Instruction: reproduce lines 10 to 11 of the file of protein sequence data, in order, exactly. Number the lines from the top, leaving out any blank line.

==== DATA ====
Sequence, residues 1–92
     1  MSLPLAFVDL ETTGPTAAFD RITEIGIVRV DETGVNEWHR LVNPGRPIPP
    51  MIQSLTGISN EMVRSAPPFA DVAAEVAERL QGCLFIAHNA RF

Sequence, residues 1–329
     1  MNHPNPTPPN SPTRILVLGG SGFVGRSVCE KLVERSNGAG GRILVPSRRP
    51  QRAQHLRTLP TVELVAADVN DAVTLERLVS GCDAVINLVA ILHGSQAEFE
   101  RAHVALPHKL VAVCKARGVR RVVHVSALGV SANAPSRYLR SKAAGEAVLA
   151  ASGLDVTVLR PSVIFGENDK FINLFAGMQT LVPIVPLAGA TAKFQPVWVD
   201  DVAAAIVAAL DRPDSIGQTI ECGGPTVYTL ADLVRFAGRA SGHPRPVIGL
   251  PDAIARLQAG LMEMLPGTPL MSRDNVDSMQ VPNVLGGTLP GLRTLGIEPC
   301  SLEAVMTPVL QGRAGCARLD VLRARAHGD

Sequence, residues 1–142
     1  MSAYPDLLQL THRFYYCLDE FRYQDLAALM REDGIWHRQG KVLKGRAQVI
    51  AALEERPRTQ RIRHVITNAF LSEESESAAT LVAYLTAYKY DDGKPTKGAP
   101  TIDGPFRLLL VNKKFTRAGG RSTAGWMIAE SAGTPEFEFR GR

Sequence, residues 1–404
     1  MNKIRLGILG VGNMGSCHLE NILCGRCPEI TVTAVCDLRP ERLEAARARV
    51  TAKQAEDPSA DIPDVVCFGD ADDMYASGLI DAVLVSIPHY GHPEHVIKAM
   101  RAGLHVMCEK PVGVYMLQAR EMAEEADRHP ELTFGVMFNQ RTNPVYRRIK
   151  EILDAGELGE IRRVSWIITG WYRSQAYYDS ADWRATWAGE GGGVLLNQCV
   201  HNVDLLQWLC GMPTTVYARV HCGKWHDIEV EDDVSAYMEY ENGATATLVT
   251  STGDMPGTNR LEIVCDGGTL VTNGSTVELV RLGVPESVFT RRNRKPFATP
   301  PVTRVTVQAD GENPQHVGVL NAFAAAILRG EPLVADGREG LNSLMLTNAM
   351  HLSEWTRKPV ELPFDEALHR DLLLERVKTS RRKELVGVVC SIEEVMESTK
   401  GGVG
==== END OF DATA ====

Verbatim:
   251  PDAIARLQAG LMEMLPGTPL MSRDNVDSMQ VPNVLGGTLP GLRTLGIEPC
   301  SLEAVMTPVL QGRAGCARLD VLRARAHGD